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Does the Feeling of the Internal Stitches to the Muscle Repair Completely Subside?

I am asking this because I have read that women on real self had had tummy tucks and subsequently had trouble breathing deeply and they are blaming the stitches?

Doctor Answers (7)

Tightness after tummy tuck

+2

There should definitely be a feeling of firmness, bordering on tightness following tummy tuck, especially if the rectus muscles were repaired.  This feeling gradually goes away during the first weeks to a  month.  This is normal.


Bellevue Plastic Surgeon
5.0 out of 5 stars 6 reviews

Muscle tightness

+2
When properly performed, the sensation of tightness after tummy tuck will resolve as healing progresses. Some patients have reactions to the internal sutures used which is a different issue from extreme muscle tightening. It is advisable to have your abdominoplasty performed by a board certified plastic surgeon who has expertise in this procedure.

Robert L. Kraft, MD
New York Plastic Surgeon
5.0 out of 5 stars 11 reviews

Internal abdominal stitches bother a little bit only at the begining

+2

yes the bother  a littlle  bit  the internal stitches but after a few weeks  disapear of  course you should  utilize an elastic abdominal compressive garment even during  excersices, avoiding abdominal  tension excersises  at least during  the first post op month

Ramon Navarro, MD
Mexico Plastic Surgeon

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Deep breathing difficulty after a tummy tuck is from muscle overtightening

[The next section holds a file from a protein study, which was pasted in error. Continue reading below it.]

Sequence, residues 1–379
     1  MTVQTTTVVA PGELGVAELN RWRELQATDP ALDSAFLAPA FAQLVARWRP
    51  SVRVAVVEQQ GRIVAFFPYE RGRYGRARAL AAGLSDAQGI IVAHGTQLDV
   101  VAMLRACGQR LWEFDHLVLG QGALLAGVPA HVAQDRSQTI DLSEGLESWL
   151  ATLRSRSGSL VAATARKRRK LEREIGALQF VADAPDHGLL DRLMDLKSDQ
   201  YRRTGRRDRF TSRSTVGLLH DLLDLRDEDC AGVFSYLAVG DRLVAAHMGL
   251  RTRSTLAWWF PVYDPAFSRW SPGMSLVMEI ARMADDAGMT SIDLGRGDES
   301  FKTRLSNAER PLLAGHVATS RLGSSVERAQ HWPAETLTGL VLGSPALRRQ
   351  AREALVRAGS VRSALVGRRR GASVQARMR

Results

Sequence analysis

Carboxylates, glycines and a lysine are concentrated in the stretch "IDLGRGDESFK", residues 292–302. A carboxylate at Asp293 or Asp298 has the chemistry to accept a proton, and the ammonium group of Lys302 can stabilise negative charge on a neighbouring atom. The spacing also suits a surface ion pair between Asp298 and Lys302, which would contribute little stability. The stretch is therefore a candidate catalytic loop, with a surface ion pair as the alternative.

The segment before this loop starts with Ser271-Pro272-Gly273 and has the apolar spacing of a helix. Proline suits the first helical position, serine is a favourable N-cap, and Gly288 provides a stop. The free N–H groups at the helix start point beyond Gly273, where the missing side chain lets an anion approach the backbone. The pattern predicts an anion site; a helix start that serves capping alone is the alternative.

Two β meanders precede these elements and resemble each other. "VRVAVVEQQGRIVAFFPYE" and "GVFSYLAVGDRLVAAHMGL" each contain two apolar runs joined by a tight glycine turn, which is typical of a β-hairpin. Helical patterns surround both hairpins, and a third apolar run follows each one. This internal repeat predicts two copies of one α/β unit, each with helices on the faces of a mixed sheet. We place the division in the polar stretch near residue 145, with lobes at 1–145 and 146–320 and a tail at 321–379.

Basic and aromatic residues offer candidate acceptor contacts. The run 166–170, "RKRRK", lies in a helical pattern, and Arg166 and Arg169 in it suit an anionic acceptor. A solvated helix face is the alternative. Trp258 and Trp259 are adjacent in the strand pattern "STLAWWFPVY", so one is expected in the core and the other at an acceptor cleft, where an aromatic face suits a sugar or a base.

+2

Typically you do not feel the internal stitches at all after a tummy tuck.  If however the muscles are tightened to a severe or extreme level then your abdominal organs will push up on your diaphragm making it more difficult to breath.  

The diaphragm is the muscle that separates your abdominal cavity from your lungs and also is the main component in the mechanism of breathing.  Your organs will push up on it and constrict your lungs from being able to expand as easily as they did before.  Generally, most people get used to this feeling and it subsides but in certain cases it can be quite distressful. 

It is rare and not likely to happen to you in the hands of an experienced board certified plastic surgeon.

Nikesh K. Patel, MD
Freehold Plastic Surgeon

Difficulty Deep Breathing After Tummy Tuck

+1

In my experience, breathing difficulties after a tummy tuck are incredibly rare.  Patients that have a lot of inter abdominal fat and have a tight repair of the muscles will, on rare occasions, find it somewhat difficult deep breathing because the compromise of the abdominal wall expansion can lead to pushing up on the diaphragm of abdominal contents (fat plus abdominal organs).  This constriction of the abdominal wall movement (known as excursion) should subside relatively rapidly.  Although the abdominal muscle repair is done with permanent sutures, the sutures are placed in muscle fascia which will stretch relatively quickly.  This uncomfortable sensation should be gone within around 2 weeks or less. 

S. Larry Schlesinger, MD, FACS
Honolulu Plastic Surgeon
5.0 out of 5 stars 200 reviews

Internal Sutures for Muscle Plication

+1

Thank you for your question.

Normally, patients don't feel the sutures of the muscle plication but they do have "tightness" after tummy tuck surgery (which is very normal).  With time and recovery, things get better and the "tight" feeling gradually goes away.

Best wishes.

Tom J. Pousti, MD, FACS
San Diego Plastic Surgeon
5.0 out of 5 stars 718 reviews

Tummy tuck sutures are permanent

+1

When abdominoplasties are performed the fascia is tightened with sutures which are permanent.  These sutures are below the level of the fat and usually cannot be felt, unless the patient is very thin or the sutures erode.  In the immediate post-operative period, patients my have trouble taking deep breathes because of the compression and elevation on the diaphragm.  This resolves usually in about 1 month.

 

Best of Luck,

 

Gary Horndeski, M.D.

Gary M. Horndeski, MD
Texas Plastic Surgeon
5.0 out of 5 stars 125 reviews

These answers are for educational purposes and should not be relied upon as a substitute for medical advice you may receive from your physician. If you have a medical emergency, please call 911. These answers do not constitute or initiate a patient/doctor relationship.